The ISO (the International Organization for Standardization) has recently issued a draft international standard ISO 14577 entitled “Metallic materials—Instrumented indentation test for hardness and materials parameters [1].” This draft standard covers depth-sensing indentation testing for indentations in the macro, micro and nano depth ranges and also covers the testing of coated material systems.
The ISO is a worldwide federation of national standards bodies. Preparation of international standards is normally carried out through ISO technical committees. Member bodies interested in a subject for which a technical committee has been established have the right to be represented on that committee.
Anthony C. Fischer-Cripps

Chapter 11. Nanoindentation Instrumentation

Abstract
Interest in nanoindentation has spawned a number of nanoindentation instruments that compete on a world market. Purchasers of such instruments are usually universities, private and government research organisations, and quality control laboratories. There is particular interest within the semiconductor industry that is concerned with the mechanical properties of a wide range of thin films.
Anthony C. Fischer-Cripps

Chapter 12. Applications of Nanoindentation

Abstract
Nanoindentation finds a wide application. The test results provide information on the elastic modulus, hardness, strain-hardening, cracking, phase transformations, creep, fracture toughness, and energy absorption. Since the scale of deformation is very small, the technique is applicable to thin surface films and surface modified layers. In many cases, the microstructural features of a thin film or coating differs markedly from that of the bulk material due to the presence of residual stresses, preferred orientations of crystallographic planes, and the morphology of the microstructure. The proceedings of annual symposiums are a rich source of information about the applications of nanoindentation. In this chapter, some rather straightforward examples of analysis of nanoindentation test data are presented using the methods described in the previous chapters.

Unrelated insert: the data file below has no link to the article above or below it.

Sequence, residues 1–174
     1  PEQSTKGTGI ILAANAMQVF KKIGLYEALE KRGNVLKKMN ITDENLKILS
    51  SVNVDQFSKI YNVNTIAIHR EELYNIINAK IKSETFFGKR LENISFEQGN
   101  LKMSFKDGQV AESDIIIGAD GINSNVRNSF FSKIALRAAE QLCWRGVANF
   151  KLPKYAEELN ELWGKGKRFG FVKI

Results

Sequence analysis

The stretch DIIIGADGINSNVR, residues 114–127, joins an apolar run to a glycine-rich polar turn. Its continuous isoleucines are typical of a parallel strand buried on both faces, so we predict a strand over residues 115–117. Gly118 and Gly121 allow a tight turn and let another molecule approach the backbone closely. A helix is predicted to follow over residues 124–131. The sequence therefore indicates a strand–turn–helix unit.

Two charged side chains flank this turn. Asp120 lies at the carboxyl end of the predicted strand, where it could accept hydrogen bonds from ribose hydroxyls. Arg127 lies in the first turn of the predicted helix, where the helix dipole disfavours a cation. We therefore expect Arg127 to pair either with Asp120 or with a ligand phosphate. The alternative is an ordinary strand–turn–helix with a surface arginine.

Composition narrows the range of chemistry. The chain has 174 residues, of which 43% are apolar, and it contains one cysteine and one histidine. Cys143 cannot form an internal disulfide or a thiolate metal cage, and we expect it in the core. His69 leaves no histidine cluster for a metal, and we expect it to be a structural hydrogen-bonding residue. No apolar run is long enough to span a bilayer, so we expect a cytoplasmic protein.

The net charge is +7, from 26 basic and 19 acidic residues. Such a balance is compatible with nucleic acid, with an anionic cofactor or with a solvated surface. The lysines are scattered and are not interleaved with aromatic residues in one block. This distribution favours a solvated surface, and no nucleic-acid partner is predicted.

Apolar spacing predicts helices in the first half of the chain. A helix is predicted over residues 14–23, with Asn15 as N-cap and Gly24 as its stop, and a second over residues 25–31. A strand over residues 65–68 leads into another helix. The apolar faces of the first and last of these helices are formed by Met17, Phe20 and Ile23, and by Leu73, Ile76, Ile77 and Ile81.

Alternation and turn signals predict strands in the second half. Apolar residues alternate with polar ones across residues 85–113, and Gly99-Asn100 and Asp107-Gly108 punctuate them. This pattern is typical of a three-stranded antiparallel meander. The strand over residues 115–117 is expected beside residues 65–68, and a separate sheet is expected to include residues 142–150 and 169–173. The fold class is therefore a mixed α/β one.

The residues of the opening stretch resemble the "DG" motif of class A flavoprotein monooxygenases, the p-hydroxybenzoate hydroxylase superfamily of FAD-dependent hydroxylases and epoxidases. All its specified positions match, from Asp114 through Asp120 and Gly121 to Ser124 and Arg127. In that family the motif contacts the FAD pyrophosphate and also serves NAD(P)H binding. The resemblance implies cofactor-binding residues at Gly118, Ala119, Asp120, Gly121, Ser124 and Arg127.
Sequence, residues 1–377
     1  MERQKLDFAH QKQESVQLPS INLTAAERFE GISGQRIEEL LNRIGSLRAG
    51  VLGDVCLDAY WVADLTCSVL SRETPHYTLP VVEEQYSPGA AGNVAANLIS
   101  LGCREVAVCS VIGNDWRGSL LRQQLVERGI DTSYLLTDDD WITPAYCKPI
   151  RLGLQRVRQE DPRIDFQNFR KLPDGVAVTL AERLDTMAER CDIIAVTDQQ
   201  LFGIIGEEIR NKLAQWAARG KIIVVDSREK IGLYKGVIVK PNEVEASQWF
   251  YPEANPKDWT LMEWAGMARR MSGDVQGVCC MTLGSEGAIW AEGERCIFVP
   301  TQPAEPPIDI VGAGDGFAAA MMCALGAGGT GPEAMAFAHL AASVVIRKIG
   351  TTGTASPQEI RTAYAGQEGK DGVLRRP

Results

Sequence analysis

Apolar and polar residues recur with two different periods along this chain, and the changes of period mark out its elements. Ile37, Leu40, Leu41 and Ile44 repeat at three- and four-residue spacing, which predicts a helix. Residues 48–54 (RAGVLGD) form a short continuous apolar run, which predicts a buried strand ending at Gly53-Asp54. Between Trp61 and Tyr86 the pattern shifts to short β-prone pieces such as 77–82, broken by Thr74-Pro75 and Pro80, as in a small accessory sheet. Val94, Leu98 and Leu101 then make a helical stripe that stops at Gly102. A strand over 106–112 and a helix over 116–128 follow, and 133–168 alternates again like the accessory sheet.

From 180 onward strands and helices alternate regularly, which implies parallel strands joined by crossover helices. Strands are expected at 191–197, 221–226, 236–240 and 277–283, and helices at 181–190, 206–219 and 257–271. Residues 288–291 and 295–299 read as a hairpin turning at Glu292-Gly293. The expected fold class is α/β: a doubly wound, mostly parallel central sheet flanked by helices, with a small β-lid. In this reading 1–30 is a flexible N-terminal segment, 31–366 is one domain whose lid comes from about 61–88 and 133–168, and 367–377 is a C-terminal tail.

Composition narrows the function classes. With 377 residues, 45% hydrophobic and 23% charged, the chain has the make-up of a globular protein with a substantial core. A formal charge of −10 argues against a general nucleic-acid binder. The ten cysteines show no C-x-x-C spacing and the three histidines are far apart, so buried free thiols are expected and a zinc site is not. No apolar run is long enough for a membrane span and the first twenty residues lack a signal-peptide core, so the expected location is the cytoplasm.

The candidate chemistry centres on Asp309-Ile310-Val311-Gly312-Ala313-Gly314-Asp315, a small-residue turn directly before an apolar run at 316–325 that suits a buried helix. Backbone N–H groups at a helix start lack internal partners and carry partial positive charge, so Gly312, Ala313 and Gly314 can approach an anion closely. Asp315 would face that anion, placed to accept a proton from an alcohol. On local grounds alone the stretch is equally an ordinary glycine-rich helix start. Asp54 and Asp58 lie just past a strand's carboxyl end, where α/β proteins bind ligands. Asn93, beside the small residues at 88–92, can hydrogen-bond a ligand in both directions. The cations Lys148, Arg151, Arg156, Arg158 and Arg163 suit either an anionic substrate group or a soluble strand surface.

Anthony C. Fischer-Cripps

Chapter 13. Appendices 1–7

Abstract
The methods of analysis of nanoindentation test data rely heavily on the elastic unloading response of the system. It is of interest therefore to have some appreciation of the equations for elastic contact and the associated indentation stress fields. The following assumptions are an essential component of the analytical equations:
  • The radii of curvature of the contacting bodies are large compared with the radius of the circle of contact.
  • The dimensions of each body are large compared with the radius of the circle of contact. This allows indentation stresses and strains to be considered independently of those arising from the geometry, method of attachment, and boundaries of each solid.
  • The contacting bodies are in frictionless contact. That is, only a normal pressure is transmitted between the indenter and the specimen.
Anthony C. Fischer-Cripps

Backmatter